Table of Contents

Subscription Marketing Strategy


Best Subscription Marketing Strategy & Business Models: Netflix


Do younger audiences really value TV subscription services enough to pay for your subscription pricing strategy? Would you say that the older cable subscription service is now irrelevant in today’s instant gratification society and YouTube influencers doing pranks or showing off their ‘merch’?

 

There was a time when all the family gathered around to watch the same TV program be it Fawlty Towers or the next instalment of the Knight Rider TV series. Back then, the family enjoyed watching TV together. It was a precious and valued family bonding activity.

 

But today, everyone has their own preference of TV entertainment and programs on their smart devices while browsing the internet. It’s common to find everyone watching on their phones, computers, and iPads in different rooms. Across the world, there are debates over spending time with friends, partners and families as well as a “no devices on the dining table” rule.

 

In this article, we will discuss the subscription marketing strategy and using Netflix as an example. We will provide you with product pricing metrics in developing a subscription marketing strategy. Taylor Wells advisory strongly believes that streaming service is a life-long and valuable enterprise.

 

At the end of the article, you will learn what a subscription marketing strategy is. Additionally, you will know how to effectively implement a subscription marketing strategy for your business.

 

Mobility is the New Norm for Entertainment

 

The internet has forever changed our viewing habits. You no longer have to wait a full week before watching the next episode and  schedules are no longer in the hands of the cable TV. Subscribers will watch what they want, whenever they want and on any device.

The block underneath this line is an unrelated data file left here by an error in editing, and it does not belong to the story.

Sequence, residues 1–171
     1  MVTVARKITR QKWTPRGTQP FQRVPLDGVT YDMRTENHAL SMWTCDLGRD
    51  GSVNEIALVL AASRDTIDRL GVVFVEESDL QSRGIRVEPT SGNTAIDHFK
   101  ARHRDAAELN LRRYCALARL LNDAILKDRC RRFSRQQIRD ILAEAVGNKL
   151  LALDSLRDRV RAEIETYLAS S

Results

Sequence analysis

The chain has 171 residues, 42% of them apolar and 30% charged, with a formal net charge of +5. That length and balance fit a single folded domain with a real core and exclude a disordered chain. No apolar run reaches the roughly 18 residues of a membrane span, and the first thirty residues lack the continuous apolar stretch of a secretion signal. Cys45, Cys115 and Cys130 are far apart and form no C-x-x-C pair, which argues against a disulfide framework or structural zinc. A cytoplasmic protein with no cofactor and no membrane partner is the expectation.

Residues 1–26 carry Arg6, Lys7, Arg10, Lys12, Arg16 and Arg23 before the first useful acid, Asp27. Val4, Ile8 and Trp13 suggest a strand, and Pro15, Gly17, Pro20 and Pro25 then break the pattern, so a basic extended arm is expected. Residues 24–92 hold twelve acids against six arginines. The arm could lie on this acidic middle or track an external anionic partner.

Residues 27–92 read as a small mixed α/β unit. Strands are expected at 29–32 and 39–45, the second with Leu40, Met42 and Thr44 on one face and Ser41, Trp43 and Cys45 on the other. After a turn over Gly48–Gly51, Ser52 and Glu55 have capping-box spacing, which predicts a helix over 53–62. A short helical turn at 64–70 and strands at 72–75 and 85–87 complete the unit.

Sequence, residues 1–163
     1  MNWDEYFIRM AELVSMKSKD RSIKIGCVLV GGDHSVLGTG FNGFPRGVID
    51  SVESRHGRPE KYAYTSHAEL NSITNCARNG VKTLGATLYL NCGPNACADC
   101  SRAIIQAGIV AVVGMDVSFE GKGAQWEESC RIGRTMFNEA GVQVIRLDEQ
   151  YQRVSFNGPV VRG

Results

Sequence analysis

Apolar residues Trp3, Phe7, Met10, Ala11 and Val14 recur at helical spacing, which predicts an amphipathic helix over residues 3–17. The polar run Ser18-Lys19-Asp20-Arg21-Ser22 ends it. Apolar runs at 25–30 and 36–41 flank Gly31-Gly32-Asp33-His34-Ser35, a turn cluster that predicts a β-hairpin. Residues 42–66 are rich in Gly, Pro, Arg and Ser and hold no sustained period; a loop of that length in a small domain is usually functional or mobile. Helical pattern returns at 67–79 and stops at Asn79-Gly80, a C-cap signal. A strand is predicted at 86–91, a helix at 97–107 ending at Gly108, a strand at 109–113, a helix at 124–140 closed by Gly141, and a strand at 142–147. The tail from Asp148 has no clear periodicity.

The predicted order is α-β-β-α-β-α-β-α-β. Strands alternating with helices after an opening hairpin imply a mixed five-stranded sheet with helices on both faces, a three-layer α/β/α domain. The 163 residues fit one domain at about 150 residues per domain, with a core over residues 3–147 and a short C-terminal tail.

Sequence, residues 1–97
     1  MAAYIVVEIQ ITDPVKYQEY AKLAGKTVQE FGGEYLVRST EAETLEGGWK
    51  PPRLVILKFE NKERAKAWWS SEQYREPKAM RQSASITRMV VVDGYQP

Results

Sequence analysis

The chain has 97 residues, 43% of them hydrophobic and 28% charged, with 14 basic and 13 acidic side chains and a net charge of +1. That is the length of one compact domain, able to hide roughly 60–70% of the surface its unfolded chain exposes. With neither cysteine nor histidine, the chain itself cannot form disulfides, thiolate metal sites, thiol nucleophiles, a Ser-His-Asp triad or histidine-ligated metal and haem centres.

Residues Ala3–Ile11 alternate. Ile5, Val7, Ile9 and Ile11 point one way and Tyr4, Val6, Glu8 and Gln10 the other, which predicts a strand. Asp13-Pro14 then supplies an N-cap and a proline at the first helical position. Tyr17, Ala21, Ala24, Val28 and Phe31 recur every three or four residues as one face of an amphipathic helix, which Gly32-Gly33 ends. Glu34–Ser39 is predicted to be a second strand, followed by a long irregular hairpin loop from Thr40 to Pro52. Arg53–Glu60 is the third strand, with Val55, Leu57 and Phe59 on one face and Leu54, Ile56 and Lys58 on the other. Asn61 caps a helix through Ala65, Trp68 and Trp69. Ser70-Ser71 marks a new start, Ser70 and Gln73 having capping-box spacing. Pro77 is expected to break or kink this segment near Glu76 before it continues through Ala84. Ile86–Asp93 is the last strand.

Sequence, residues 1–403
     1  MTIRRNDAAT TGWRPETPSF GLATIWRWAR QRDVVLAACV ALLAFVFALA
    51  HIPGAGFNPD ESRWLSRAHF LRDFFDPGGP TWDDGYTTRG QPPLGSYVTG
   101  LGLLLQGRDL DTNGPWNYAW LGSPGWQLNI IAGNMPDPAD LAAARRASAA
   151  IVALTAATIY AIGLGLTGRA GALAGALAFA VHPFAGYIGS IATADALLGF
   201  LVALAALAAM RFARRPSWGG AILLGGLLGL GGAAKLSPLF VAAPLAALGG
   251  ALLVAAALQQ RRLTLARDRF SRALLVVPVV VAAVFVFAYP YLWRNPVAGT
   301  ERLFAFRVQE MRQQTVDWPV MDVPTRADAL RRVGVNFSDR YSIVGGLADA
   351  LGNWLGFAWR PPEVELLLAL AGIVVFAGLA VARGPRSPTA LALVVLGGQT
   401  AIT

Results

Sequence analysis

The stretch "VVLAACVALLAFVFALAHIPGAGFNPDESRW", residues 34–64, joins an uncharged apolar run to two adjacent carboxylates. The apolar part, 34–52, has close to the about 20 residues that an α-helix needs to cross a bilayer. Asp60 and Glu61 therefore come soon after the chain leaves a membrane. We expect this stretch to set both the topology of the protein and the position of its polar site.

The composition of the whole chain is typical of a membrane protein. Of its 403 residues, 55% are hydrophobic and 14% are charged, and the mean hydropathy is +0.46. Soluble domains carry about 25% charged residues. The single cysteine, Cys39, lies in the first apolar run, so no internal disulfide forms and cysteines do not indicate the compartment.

Faster bandwidth and high definition video content make video streaming easy. Bored on a road trip? No problem, just flip out your phone and watch the latest Riverdale episode. Want to know the sports scores? Go to the ESPN website.

 

Notably, mobility is the key to successful entertainment business. If you want to join the bandwagon, you need to have high-quality services and content. You’ll also need the right pricing strategy to bring in new segments while maintaining older, loyal customers.

 

So what is a subscription service? How does it affect subscription marketing strategy?

 

The concept of subscription is based on agreed monthly fees. The customer pays a fee regularly – usually monthly or yearly – for the use of a product or service. This means that, instead of paying the full price, customers can pay intermittently. Thus making the subscription pricing strategy more affordable to more people – a volume game at an optimal or profitable price point.

 

In the case of streaming services – like updating software or watching content – the subscriber pays in regular intervals to continue using the product. Again, this is a volume play – focused on a niche audience that is willing to pay an additional fee – i.e., on top of their usual subscription  – for instant access to video content. 

 

Netflix Case Example

 

Let’s take for example Netflix subscription pricing strategy. Netflix is the biggest online video streaming service in the world. The way they market their content is by using the good, better, best subscription marketing strategy.